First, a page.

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Ukrainian Arrivals through the U.S. Refugee Admissions Program (USRAP)

The U.S. Refugee Admissions Program (USRAP) is a permanent resettlement pathway to the United States managed by the Department of State.  The USRAP accepts referrals from the UN High Commissioner for Refugees (UNHCR), U.S. Embassies, and certified NGOs, for individuals across refugee populations determined to be the most vulnerable and in need of the protection provided by third-country resettlement.  Refugee processing through the USRAP is a multi-step process which includes pre-screening, an interview with a DHS/USCIS officer, security screening and vetting, a medical exam, assignment to a resettlement agency, completion of case documentation, and arrangements for travel to the United States.

The Lautenberg Program

Resettlement from Ukraine to the United States over the last three decades has primarily been accomplished through the Lautenberg Program, which allows members of certain religious minority groups from the Former Soviet Union to reunite with family members in the United States through the USRAP.  U.S. citizens and Lawful Permanent Residents (LPRs) can sponsor a family member through the Lautenberg Program. A qualifying relationship for the program is defined as spouse, parents, children, siblings, grandparents, and grandchildren.

More than 14,000 Ukrainian nationals have been resettled in the United States under the USRAP Lautenberg Program since FY 2018.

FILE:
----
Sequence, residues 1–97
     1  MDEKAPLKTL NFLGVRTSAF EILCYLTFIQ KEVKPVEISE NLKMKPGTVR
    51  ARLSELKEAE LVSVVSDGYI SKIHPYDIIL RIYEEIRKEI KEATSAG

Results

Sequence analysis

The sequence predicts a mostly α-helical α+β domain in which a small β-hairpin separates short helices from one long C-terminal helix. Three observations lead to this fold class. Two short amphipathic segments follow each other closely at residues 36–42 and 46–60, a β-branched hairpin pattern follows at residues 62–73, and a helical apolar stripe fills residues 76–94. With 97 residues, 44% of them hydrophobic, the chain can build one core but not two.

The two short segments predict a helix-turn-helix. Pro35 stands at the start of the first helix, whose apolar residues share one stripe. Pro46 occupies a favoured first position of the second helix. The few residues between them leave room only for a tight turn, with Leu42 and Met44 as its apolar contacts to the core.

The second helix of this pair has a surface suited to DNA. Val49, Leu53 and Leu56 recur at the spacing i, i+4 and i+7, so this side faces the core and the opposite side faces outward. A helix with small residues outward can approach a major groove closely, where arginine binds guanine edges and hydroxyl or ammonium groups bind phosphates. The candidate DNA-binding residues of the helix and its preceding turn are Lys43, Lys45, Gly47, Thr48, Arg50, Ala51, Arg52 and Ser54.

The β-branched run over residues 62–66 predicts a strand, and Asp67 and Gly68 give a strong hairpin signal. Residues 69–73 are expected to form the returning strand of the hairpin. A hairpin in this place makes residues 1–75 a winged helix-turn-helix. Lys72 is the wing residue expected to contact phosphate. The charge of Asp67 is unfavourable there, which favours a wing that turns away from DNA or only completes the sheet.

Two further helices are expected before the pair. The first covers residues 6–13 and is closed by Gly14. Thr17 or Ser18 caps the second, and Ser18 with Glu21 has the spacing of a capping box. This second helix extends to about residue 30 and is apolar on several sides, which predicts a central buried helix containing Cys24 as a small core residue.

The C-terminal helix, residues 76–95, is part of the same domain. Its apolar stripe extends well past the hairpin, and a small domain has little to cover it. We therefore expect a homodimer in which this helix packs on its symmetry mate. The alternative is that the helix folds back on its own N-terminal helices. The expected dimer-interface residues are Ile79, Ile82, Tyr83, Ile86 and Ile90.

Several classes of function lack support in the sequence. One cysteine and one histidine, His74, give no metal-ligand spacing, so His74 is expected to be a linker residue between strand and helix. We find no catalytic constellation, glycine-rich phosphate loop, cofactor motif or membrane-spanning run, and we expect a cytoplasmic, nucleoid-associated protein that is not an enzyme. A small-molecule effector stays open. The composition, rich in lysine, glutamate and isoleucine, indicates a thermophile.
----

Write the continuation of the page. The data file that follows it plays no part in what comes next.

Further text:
Lautenberg Program operations were based out of our Resettlement Support Center (RSC) in Kyiv, Ukraine until the conflict necessitated staff relocate to our RSC sub-offices in Chisinau, Moldova and Warsaw, Poland.  We continue to process Lautenberg Program applicants who are located throughout Eurasia from these platforms. We conduct case processing activities with applicants wherever they are located throughout Eurasia from these hubs.

Refugee resettlement is a permanent durable solution for individuals with humanitarian protection needs.  Recognizing that many Ukrainian citizens want to stay close to home, and to return home when it is safe to do so, permanent refugee resettlement to the United States through the USRAP may not be the best option for all those seeking protection. Individuals who are interested in coming to the United States temporarily should review the information about Uniting for Ukraine below.

Humanitarian Parole through Uniting for Ukraine

Uniting for Ukraine provides a parole pathway for Ukrainian citizens forced to flee their homes as a result of Russia’s ongoing invasion of Ukraine.  Individuals granted parole through Uniting for Ukraine will be able to travel to and stay in the United States for up to two years.

Uniting for Ukraine opened for registration on April 25, 2022 and is managed by the Department of Homeland Security (DHS). We refer you to DHS and the Uniting for Ukraine  website for more information on the requirements and benefits of this program.

Visa Access

Due to expanded flexibilities authorized by USCIS, consular sections worldwide may accept immigrant visa petitions filed locally for immediate relatives of U.S. citizens when the U.S. citizen is present in the consular district and affected by the large-scale disruptive events in Ukraine. Also, U.S. diplomatic and consular posts with large numbers of Ukrainian citizens present in the country, are increasing, to the extent possible, the number of nonimmigrant visa appointments and ensuring there is an expedited visa appointment program for individuals with humanitarian, medical, or other extraordinary circumstances to get priority access.

Current instructions on appointment scheduling along with details on availability and processing are available on the website of each embassy and consulate, a full list of which is available on the U.S. Embassy online search website.

Information on local filing can be found on the Bureau of Consular Affairs website.

Additional Resources/Information

U.S. Department of State

The Lessons of 1989: Freedom and Our Future